Review: Alice in Wonderland trail at Erddig

We’re big fans of Erddig – we especially love the brilliant natural play area, Wolf’s Den, but have also spent many happy times roaming around the gardens, exploring the house, celebrating the apple harvest, and meeting the shire horses and donkeys. The current event is an Alice in Wonderland themed trail around the gardens, and, always keen for an excuse to get the kids outdoors, we headed over last weekend to check it out.

jan17 176.JPGThe trail has around a dozen or so different areas to explore, several featuring huge wooden sculptures. We loved the attention to detail, including lots of exciting bottles of potions labelled “Drink me!” tucked away in the upstairs restaurant.

The trail kicks off immediately beyond the entrance, with a hollowed out tree trunk complete with wooden bunny inviting you to go down the rabbit hole – all three of my children enjoyed running through the tunnel. From there we followed a trail of cardboard pocket watches fluttering in the wind to a little room where you could put on your own shadow show of the Alice story to your enthralled audience lying underneath. I’m never one to give up the opportunity for a lie down, but sadly the kids were too excited about the rest of the trail so we moved smartly along.

jan17-042The baby and I stopped off for a nappy change at the lovely, newly refurbished baby change room, while my older two headed for the dressing up room, where they made a lovely Tweedle Dum and Tweedle Dee. Next they got to pose as the King and Queen of Hearts before we headed off through lines of neatly clipped yews to a hidden house with colouring in to do – a calm spot for a rather chilly winter afternoon.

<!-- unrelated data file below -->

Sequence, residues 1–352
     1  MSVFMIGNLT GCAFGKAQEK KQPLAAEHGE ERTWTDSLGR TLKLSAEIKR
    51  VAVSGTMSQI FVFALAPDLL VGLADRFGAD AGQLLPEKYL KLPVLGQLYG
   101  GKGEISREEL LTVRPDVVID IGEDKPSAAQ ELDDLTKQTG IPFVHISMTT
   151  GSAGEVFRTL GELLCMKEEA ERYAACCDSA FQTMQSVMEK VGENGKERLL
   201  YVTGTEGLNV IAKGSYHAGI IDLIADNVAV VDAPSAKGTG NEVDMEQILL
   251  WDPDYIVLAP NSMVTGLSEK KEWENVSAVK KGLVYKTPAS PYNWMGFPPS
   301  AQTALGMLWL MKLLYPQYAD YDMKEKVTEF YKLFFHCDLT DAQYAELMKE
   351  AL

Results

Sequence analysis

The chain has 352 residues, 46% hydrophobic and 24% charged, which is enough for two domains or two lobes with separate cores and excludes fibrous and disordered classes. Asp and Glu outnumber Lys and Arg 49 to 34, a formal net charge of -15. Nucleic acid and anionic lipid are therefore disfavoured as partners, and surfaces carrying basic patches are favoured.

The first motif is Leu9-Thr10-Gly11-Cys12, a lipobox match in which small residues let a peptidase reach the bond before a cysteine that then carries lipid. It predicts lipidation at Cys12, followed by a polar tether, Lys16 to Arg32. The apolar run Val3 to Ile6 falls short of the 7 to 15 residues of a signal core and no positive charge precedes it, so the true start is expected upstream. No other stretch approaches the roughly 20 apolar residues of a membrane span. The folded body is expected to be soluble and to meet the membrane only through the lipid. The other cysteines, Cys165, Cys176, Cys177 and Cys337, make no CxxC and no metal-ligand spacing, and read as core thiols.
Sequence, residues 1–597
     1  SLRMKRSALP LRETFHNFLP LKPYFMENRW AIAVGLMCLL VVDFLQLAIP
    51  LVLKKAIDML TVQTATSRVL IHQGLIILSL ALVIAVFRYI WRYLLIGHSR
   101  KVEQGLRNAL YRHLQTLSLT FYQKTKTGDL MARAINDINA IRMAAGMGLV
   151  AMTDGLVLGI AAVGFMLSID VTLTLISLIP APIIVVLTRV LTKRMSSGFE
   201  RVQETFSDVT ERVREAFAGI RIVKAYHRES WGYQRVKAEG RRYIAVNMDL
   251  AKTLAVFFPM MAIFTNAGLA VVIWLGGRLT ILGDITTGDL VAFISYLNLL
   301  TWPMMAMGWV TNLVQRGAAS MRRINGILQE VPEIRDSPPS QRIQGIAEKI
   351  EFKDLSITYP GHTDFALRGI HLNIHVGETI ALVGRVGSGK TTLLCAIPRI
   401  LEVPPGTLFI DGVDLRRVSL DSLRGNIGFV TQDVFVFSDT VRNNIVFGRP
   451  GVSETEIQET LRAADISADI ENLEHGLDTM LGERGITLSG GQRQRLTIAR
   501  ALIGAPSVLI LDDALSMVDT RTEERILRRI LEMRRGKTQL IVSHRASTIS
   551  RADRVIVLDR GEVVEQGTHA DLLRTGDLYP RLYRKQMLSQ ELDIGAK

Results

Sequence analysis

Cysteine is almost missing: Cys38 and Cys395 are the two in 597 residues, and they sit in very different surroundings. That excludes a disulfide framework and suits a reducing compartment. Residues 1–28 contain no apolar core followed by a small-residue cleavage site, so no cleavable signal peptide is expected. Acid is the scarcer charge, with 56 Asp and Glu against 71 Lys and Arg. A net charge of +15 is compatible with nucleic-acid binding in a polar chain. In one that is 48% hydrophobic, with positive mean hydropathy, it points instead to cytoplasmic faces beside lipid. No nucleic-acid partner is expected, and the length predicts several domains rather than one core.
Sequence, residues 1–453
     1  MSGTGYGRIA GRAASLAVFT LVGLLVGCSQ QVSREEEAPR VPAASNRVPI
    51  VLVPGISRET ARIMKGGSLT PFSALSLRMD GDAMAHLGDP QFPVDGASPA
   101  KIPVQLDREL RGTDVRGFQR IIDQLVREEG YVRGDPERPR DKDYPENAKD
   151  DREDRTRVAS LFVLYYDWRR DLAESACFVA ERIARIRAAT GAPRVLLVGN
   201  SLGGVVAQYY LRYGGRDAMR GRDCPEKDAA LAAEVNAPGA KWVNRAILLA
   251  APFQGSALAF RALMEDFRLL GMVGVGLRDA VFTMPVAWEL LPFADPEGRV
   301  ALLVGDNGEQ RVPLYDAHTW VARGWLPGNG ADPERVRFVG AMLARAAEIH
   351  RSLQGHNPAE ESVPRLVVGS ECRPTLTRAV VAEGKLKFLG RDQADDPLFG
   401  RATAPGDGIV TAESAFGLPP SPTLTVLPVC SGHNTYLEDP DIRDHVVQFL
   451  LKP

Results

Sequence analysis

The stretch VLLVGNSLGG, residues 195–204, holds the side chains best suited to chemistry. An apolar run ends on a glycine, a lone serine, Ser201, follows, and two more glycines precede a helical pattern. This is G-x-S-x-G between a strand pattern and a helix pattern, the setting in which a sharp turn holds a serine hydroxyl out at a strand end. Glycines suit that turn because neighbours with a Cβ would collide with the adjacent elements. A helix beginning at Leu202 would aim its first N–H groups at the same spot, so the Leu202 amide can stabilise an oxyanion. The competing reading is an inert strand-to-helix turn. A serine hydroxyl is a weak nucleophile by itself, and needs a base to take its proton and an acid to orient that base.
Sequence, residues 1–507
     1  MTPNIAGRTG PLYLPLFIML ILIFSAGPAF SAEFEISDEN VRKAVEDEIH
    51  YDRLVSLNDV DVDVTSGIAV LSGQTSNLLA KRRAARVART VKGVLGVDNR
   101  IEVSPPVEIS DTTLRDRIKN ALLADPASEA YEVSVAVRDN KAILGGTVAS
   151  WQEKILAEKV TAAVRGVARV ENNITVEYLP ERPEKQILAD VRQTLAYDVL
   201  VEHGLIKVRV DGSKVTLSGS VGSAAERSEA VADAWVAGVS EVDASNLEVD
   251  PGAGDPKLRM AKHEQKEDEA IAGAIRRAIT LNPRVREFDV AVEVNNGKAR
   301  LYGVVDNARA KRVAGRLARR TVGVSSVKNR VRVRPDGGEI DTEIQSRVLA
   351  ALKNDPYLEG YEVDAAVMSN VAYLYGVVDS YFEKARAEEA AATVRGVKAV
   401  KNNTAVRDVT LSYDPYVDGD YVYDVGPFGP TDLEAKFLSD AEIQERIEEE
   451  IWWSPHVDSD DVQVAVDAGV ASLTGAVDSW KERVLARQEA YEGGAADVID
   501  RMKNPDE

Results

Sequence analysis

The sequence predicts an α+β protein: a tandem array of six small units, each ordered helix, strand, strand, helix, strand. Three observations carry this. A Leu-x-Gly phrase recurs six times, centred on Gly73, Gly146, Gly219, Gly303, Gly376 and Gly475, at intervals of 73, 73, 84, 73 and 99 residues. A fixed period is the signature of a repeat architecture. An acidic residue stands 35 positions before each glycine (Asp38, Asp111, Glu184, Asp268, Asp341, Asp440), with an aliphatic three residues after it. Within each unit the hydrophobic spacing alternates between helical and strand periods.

jan17-078Next the path took us through a forest of mirrors and a field of wooden mushrooms along with the hookah-smoking caterpillar. Beyond here we found an excellent tree for a spot of climbing, and then spent some time searching for fish and feeding the ducks in the fish pond, overlooked by a rather terrifying Cheshire cat.

We couldn’t resist a visit to Wolf’s Den, of course, where we whiled away some time climbing, balancing, running and swinging – the promise of completing the trail was the only thing which could eventually persuade the older kids to leave.

jan17-137We worked our way up the main avenue to the house, past flamingos and playing cards, to a huge table laid out with a rather wonderful Mad Hatter’s tea party, complete with a (very damp) hat and lots of cakes and biscuits which my one year old was very disappointed to discover weren’t real.

The final part of the trail took us back through the yard, past painted trees, to discover Alice herself, fending off the playing cards, which we helped her to do with some well-thrown beanbags.

jan17-055My children regularly claim to hate walks, but they love following a trail, and this was a particularly fun one to do, with much to divert and entertain along the way. It runs until 29th January and is free to do, although there is a suggested £1 donation for the booklet which includes the trail guide (pro tip: don’t let your child jokingly dangle it inside a big perspex box meant for donations, because they will inevitably drop it in, and then you have to go back to the start and buy another one).

Erddig is at Wrexham LL13 0YT and winter opening hours are 11 am to 4 pm; please note that the Wolf’s Den play area may be closed during the week. Entrance to the gardens, trail and Wolf’s Den is free to National Trust members, with a winter entrance price of £4.40 for adults/£2.00 for children for non-members. Parking is free and dogs are allowed on the parkland but not in the gardens. There is a restaurant which does kids’ lunchboxes and other meals plus drinks, cakes, etc, plus a cafe selling ice cream, and baby change facilities. See the website here for more information.


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